~ Small Town America ~

Sunday, July 6, 2008

Comments on the new (1) ‘Byways’ page#5, the town of (2) Exmore and promised additions to the (3) Cape Charles section.

(1) No long byways comments this time. Some crops are in, some will be soon and some winter ones are just being planted now. I did include a close-up of soybeans for those of you who wouldn’t know a soybean if it bit you. Other than that, just enjoy the pictures.

(2) Exmore is struggling for survival. Lot of areas are torn up for renovation. It was not the best time to take pictures. However, this way one can see that the town is indeed making an effort. It does not appear to be the best planned effort, but an effort none the less. It was at one time one of the largest towns on the Shore, but has faded considerably. Now Exmore seems to be making a bid for the antique/collectable capital of the Shore and that must surely help their bottom line, if it works out for them.

In the row of pictures - ‘Old buildings, new businesses’, the first is the Duer building. The stoop is signed and dated, 1928. The second building was build shortly after the turn of the century and was a Western Union center.

Under ‘Businesses, tried and true’, we have put two concerns that have been there forever. Even when the going got rough. I have used Western Auto twice; both times they had exactly what I wanted and were friendly while they were getting it for me. What more can you ask for? Also serves as the Western Union office. They did that perfectly for me, too. BUT, to a lot of Shore people, the mention of Exmore conjures up thoughts of the Exmore diner and their mouths
water. They have a reputation the length of the Shore. It is the only eatery in town, but they haven’t slacked off because of that. They also have been there forever. Good food (home cookin’ and local veggies when possible), terrific sized meals and good service. If you want fancy - go somewhere else. We won’t mind a bit! If you want to try them out, go during off-hours or be prepared to wait a spell. These guys are packed and nobody hurries. If you are the type who stares at people to hurry them along - don’t even bother here. The regulars are liable to let you know just what they think of that tactic, in spades!

The Exmore Mall was doing great. Nice little shops with a good following. It even looked very nice; windows with curtains and plants everywhere and a good paint job. An outside real estate agent with big time money backing came in, bought it out, and pitched everyone out. This so more people would shop at kmart which she had just sold space to in HER new shopping center on the highway. Lloyds Drugstore - same road. Only it was his choice. He saw the writing on the wall, pulled out of town and joined kmart as pharmacist. I don’t have enough space to call over all the ordinary business people who have served their communities for years, even generations, that kmart drove out of business. Oh yes, kmart? No longer here. Didn’t make enough money to suit them. They’re gone. I know - a hundred towns, same story. It’s a real shame when a company’s greed completely replaces its social conscience.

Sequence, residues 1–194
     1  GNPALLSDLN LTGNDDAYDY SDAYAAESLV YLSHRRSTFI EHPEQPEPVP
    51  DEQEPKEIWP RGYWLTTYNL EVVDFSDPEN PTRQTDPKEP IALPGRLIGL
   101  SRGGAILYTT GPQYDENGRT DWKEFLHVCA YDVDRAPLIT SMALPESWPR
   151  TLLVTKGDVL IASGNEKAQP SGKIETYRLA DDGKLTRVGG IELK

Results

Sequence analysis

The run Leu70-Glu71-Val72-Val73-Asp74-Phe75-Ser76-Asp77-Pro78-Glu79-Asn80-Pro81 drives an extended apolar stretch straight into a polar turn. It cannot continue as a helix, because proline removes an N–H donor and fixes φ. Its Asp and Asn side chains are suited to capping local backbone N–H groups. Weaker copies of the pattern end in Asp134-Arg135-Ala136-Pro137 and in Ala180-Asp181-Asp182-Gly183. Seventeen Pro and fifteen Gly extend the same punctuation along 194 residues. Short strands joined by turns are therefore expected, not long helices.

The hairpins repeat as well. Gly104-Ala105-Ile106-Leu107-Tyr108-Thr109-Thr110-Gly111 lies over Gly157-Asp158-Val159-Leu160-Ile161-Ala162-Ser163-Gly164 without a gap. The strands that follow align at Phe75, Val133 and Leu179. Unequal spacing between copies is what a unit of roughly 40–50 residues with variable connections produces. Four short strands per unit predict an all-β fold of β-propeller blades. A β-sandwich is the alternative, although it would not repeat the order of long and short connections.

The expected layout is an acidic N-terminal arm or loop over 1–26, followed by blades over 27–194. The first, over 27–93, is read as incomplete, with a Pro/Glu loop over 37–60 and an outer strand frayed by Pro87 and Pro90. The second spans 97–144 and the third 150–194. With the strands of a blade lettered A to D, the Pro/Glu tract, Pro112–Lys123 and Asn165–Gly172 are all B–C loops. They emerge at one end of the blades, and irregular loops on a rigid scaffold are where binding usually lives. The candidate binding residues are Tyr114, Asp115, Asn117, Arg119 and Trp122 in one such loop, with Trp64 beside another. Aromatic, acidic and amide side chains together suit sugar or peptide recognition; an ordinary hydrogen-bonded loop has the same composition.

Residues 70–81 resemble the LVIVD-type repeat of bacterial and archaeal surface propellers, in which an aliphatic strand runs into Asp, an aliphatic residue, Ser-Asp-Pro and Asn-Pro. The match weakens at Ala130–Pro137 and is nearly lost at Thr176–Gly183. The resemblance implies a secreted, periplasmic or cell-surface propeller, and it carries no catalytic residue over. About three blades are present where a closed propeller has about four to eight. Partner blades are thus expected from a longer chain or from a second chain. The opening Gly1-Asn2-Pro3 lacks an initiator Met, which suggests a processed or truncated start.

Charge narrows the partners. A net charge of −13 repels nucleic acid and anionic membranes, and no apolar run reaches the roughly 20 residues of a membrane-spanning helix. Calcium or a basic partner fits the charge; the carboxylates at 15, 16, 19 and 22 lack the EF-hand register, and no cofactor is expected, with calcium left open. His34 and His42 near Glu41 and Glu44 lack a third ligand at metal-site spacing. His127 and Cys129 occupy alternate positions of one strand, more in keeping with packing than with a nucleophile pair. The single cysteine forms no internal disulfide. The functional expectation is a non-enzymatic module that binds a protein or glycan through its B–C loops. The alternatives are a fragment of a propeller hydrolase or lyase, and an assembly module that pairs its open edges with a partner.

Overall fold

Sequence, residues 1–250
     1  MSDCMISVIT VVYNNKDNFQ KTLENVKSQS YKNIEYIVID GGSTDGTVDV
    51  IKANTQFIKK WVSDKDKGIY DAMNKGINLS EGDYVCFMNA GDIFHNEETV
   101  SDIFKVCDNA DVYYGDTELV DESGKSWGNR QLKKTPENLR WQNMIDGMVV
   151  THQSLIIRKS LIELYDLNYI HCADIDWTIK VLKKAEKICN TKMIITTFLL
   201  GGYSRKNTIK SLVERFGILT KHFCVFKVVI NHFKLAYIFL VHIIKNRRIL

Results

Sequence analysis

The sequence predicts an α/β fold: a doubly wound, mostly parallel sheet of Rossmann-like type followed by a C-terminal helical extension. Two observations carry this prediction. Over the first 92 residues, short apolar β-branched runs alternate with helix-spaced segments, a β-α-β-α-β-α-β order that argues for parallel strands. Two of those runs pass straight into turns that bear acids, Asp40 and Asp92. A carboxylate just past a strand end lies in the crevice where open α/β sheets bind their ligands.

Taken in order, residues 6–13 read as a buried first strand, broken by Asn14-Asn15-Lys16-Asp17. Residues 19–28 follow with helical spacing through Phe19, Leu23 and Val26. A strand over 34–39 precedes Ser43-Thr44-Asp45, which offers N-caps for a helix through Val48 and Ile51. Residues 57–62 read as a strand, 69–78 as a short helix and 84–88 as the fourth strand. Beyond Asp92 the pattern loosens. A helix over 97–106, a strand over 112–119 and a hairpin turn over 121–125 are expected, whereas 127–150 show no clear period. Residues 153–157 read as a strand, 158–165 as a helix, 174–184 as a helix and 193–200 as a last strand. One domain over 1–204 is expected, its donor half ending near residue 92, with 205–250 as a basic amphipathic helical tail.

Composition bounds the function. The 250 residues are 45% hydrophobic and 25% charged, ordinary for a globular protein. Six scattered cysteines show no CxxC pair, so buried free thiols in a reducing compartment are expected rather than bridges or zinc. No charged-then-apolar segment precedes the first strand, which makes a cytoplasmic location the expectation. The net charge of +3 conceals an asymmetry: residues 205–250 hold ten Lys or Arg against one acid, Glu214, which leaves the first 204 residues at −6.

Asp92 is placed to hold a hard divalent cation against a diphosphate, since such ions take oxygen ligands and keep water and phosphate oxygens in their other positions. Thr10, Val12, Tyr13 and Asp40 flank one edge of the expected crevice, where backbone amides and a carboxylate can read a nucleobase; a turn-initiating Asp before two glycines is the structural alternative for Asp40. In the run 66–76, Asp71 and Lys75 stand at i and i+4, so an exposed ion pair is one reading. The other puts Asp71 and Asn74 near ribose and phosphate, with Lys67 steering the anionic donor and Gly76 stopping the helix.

I think the veggie person’s name is Jack Sturgis. Born here, left to pursue a career and returned to retire. Well, obviously, retire is not the best way to put it. I met him one day over a cantaloupe and we traded thoughts about the future of the Shore. A wise man, Jack Sturgis is. And really good at picking melons.

PS: Needless to say, it was raining again for my long-suffering camera and me.

(3) I have fallen in love with a house. It’s the first one on this new page. Now tell me you don’t love it!

I returned to take the several pictures I had missed on the first camera trip. One of them I didn’t get so that’s how it goes.

I did get the one that I most wanted, the Dixon House. Thomas Dixon, Jr., the Baptist minister, lived here for a couple of years in the late 1800s. His claim to fame, as it were, is that he wrote The Clansman. That’s the book that he and D. W. Griffith turned into the movie, Birth of a Nation. I understand that a very nice couple lives there now. Good, I’m sure that house sorely needed a positive change of vibes and spirits. We thank them and wish them well.


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